I am not a lawyer. But I have watched multiple lawyers speak about it in various youtube videos etc(I like listening to/watching law vlog type of things). I have also watched much of the videos of the incident as well, partly because it is often included in said law videos. I could try and find some of those old videos but much of my watching was right after the news broke of the incident so there was missing information/etc. As such the videos aren't exactly a good watch now if you want to understand the trial since they weren't about the trial and not all the information was fully available(in fact I can think of at least one video that the creator, a cop I think instead of a lawyer, had to address a previous video they made because they had misinformation in it due to the fact that they were reacting to current events and just didn't get it right the first time. A "Sorry guys, I was wrong. That wasn't the case, this is what really happened" type of deal). There were probably hundreds upon hundreds of hours of people in the law field reacting to the events that night. Though obviously I did not watch all of them. I don't have THAT much free time.
From the start this was considered a fairly solid self defense case by many lawyers and folks who understand self defense. Now lawyers mind you don't usually speak in absolutes, particularly when it comes to self defense since such cases can have so many unknown elements that you are often betting on a sympathetic jury as much as the facts of the case. However, the sheer amount of video evidence in this case made it one of the stronger claims that I at least have ever seen. There were some questions though.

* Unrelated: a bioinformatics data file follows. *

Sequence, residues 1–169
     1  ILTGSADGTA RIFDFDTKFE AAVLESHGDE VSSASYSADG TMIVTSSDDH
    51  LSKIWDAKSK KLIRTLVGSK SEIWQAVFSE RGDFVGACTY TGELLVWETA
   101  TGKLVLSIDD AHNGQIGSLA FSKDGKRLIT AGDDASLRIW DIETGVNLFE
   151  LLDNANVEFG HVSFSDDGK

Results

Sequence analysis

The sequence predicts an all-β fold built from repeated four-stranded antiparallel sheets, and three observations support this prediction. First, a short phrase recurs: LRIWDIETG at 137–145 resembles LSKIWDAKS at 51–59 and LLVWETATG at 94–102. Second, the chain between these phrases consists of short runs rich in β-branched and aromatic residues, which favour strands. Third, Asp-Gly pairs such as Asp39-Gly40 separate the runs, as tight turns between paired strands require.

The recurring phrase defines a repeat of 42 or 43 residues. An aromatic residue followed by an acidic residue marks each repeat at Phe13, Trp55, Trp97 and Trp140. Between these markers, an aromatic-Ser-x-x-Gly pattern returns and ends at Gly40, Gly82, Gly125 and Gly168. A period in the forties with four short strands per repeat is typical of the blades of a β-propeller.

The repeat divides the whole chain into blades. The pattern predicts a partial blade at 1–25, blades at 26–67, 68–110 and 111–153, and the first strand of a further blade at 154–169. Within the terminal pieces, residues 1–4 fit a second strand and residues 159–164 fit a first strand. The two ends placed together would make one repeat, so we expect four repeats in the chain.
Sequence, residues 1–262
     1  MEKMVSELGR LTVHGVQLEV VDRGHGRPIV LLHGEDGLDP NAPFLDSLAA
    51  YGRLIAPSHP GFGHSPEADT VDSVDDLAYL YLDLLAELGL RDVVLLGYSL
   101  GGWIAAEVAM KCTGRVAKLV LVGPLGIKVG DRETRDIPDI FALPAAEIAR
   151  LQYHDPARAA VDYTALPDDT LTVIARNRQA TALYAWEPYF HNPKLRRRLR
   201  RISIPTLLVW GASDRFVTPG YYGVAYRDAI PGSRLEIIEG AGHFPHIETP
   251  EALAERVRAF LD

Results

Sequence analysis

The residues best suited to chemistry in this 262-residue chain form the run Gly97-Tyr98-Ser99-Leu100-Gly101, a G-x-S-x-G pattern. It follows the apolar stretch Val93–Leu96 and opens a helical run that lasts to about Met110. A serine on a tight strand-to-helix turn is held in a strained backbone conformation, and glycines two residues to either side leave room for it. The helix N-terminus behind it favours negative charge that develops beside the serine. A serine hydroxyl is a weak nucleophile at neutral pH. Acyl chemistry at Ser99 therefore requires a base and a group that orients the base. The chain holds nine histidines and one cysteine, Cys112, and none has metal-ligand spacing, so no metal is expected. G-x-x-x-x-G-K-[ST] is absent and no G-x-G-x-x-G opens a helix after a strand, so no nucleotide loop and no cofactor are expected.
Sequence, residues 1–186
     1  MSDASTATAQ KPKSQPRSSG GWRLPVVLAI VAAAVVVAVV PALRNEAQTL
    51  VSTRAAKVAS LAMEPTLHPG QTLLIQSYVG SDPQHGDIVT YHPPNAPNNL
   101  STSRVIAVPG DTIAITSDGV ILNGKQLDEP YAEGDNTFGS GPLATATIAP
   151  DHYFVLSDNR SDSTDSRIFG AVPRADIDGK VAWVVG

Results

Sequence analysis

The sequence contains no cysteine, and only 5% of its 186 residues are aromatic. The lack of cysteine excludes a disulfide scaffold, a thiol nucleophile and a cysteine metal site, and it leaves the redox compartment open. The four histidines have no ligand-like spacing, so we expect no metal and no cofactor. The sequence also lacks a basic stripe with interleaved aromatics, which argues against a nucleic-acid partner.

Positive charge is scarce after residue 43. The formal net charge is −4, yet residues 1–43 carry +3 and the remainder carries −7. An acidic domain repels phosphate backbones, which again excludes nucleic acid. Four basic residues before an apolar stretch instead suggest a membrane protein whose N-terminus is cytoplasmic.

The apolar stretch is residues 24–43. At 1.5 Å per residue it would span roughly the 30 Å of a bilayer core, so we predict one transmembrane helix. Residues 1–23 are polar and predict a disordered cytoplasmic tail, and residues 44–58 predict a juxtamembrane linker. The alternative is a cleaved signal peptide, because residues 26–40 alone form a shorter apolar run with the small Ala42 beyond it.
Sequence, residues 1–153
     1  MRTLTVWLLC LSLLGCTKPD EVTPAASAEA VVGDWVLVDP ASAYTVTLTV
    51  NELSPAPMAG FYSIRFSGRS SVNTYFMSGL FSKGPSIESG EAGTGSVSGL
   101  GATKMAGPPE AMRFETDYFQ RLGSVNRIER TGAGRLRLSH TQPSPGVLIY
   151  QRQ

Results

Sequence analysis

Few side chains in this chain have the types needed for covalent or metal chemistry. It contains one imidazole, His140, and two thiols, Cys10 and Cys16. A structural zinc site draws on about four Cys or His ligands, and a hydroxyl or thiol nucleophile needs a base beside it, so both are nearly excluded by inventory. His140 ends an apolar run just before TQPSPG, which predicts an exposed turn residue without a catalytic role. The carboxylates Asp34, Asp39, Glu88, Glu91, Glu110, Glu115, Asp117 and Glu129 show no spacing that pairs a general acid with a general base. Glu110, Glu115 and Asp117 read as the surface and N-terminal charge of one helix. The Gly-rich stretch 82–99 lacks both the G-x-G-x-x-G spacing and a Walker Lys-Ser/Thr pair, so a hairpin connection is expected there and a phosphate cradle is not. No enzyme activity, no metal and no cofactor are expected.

The first was the illegal gun possession charge, even after reading the law in question many of the lawyers weren't sure how that one would play out. Many of them saw what looked to be a hole in the law concerning 17 years old that could potentially get him off, others meanwhile shook their heads at that argument thinking it was quite the reach. I saw at least one(this was a lawyer on forum trying to break everything down) saying that the law in question was a mess. It had been amended so many times by so many different groups of lawmakers over the years that it had gaps an elephant could walk through(that was my interpretation of their post anyways, but it was obvious they were not happy with the way the law was written). In the end the prosecution withdrew the charge after they were asked what the length of the rifle was. The law in question is CLEAR that a short barreled rifle is off limits, it is only the full length rifle that he could possibly have been carrying legally. As for the full length rifles. In general if the law isn't clear it should fall in favor of the defendant, which is how the judge ruled. The instructions that were going to go to jury was that the law allows for a full length rifle or shotgun, but not a short barreled weapon. And with that set of instructions there was no point in the charge since the weapon clearly didn't fall into the prohibited category. A lot of people have pointed out that this doesn't appear to be the intention of the law(I think I saw a memo/meeting/whatever you call it type thing that was supposedly dealing with the statute in question where it was clear that the lawmakers were looking to carve out exceptions for hunting and target shooting not general carry). However, the law having holes in how it is written is on the lawmakers. IF the intent was to bar general carry of even long guns then it needs to be revised and made clear. In a case where you have a law being unclear ruling on it in the way that is favorable to the defendant is actually the best practice(in my opinion anyways, but I do believe in a system that favors the defendant).